As much as mainstream Western music-media outlets compare contemporary African artists to one another, often flattening the expansiveness of their sounds under a single Afrobeats umbrella, some musicians from the continent continue to prove they’re in a league of their own with every new release. Burna Boy’s fifth studio album, Twice as Tall, is the latest testament… Read More The personal and spiritual growth doesn’t stop in Burna Boy’s Twice as Tall
If you let many Black queer folks tell it, Pride isn’t that big of a deal because we’re queer 24/7, all year long. Don’t believe the hype. Read the full story in Medium’s Zora.
Hood feminism is unabashedly angry, a little asshole-like, proactive, and, sometimes, it’s illegal—but in her latest release writer Mikki Kendall argues that hood feminism is necessary for all women to win. Read the full book review in the Chicago Reader.
Imagine an intimate room full of young children playing decorated DIY shakers and other instruments they’d just learned to make from beans, beads, macaroni, water bottles, and rice; or an audience at a senior citizens’ center cheering on an all-Black string quartet; or a crowd that ranges across the ages in between that’s dancing, mingling,… Read More D-Composed redefines classical music
Los Angeles and New York might still be the film industry’s biggest hubs, but Kartemquin Films is a reminder that, with support, filmmakers can thrive in Chicago too. Read the full story in the Chicago Reader.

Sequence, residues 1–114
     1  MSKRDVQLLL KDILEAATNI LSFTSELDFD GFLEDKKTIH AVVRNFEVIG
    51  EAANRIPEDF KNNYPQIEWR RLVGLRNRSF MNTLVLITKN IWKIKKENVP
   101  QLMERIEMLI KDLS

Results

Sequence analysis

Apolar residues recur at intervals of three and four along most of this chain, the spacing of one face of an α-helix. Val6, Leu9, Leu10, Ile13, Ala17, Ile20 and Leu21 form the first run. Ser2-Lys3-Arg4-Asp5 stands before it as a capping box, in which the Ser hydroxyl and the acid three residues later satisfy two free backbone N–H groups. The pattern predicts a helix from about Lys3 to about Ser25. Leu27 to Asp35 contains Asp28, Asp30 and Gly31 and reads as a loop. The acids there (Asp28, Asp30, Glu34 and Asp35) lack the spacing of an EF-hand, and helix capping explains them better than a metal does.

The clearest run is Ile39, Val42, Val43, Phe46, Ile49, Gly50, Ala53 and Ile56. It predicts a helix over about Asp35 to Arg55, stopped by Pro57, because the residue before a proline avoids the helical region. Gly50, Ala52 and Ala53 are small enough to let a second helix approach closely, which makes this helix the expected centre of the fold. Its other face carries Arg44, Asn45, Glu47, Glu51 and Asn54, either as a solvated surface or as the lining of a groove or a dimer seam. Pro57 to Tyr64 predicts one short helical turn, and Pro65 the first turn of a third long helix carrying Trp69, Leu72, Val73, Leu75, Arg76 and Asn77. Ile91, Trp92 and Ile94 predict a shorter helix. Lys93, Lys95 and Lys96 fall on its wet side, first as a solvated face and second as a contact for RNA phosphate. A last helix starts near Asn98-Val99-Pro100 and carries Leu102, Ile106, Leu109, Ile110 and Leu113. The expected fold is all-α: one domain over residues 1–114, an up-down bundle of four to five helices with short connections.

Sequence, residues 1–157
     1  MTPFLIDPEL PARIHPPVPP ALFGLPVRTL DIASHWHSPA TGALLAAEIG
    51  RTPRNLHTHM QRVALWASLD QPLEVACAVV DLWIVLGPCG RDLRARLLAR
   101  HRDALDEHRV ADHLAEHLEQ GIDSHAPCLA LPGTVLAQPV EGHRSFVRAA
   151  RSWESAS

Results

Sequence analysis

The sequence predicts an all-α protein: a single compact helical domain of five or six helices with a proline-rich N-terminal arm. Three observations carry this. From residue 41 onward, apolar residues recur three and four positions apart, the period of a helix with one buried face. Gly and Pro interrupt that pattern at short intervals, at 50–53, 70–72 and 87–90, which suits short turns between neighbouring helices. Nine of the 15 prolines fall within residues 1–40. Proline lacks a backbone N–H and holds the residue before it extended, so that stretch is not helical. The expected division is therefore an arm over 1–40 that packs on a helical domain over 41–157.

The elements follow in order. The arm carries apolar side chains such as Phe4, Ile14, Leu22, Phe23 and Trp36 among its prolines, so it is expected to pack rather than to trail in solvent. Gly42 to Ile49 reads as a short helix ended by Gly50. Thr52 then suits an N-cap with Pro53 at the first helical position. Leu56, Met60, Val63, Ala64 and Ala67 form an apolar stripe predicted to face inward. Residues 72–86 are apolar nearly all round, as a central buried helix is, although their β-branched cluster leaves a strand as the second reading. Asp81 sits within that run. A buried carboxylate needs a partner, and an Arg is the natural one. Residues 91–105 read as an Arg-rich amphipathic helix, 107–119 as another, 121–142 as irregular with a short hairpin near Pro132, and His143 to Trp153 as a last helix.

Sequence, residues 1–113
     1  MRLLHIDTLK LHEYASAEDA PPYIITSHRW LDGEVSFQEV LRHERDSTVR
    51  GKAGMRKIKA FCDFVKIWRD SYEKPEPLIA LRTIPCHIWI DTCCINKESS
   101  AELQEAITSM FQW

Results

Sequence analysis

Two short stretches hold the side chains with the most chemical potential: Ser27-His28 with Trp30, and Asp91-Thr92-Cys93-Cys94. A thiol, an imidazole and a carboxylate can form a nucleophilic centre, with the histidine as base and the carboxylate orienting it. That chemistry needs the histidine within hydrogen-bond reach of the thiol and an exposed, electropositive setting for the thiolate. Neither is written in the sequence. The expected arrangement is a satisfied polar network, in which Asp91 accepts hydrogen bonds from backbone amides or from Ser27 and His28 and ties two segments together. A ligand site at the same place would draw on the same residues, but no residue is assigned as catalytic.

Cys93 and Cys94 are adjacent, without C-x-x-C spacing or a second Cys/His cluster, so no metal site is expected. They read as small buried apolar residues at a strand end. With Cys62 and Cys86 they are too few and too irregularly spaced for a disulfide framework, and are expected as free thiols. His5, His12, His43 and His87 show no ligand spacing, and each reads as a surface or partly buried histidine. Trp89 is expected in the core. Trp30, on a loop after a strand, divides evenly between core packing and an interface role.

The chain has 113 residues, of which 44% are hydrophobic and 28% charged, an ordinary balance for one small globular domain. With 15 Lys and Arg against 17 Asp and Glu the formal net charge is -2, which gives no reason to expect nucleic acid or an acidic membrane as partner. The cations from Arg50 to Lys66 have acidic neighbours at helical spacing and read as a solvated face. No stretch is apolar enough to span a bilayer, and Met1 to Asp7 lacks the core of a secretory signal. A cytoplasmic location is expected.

When I learned The L Word was set for a reboot, unlike many queer folks, I felt nothing. Hear me out: the first season is not well developed–even the biggest of The L Word stans couldn’t and still can’t make it through season one. Read the full story in the Chicago Reader.
Before Superman, the Flash, and Captain Marvel, there was real-life hero Harriet Tubman. The biopic Harriet, directed by Kasi Lemmons (Eve’s Bayou), plunges into drama right away, showing a young Harriet (then known as Minty), her freeman husband, John, and extended family receiving a resounding “no” after pleading for Harriet’s freedom with her master. Read… Read More Harriet is the heroic biopic Harriet Tubman deserves
Teen heartbreak is real. In 2014, there wasn’t a high school on the south and west sides where you couldn’t find teenage girls passionately singing “Somebody real is hard to find,” the opening lines of Tink‘s “Treat Me Like Somebody” from Winter’s Diary 2. Read the full story in the Chicago Reader.
When young Black girls are presumed missing or kidnapped in the U.S, broadcast news and mainstream publications rarely pick the stories up. But if by chance they do, the care put into the reporting is questionable, if not completely careless and without nuance. Read the full story in The Triibe.
Here‘s editors and contributors reminisce on the best places they traveled this year—and lay out the places they’re dying to see in 2020. Read the full story in Here Magazine.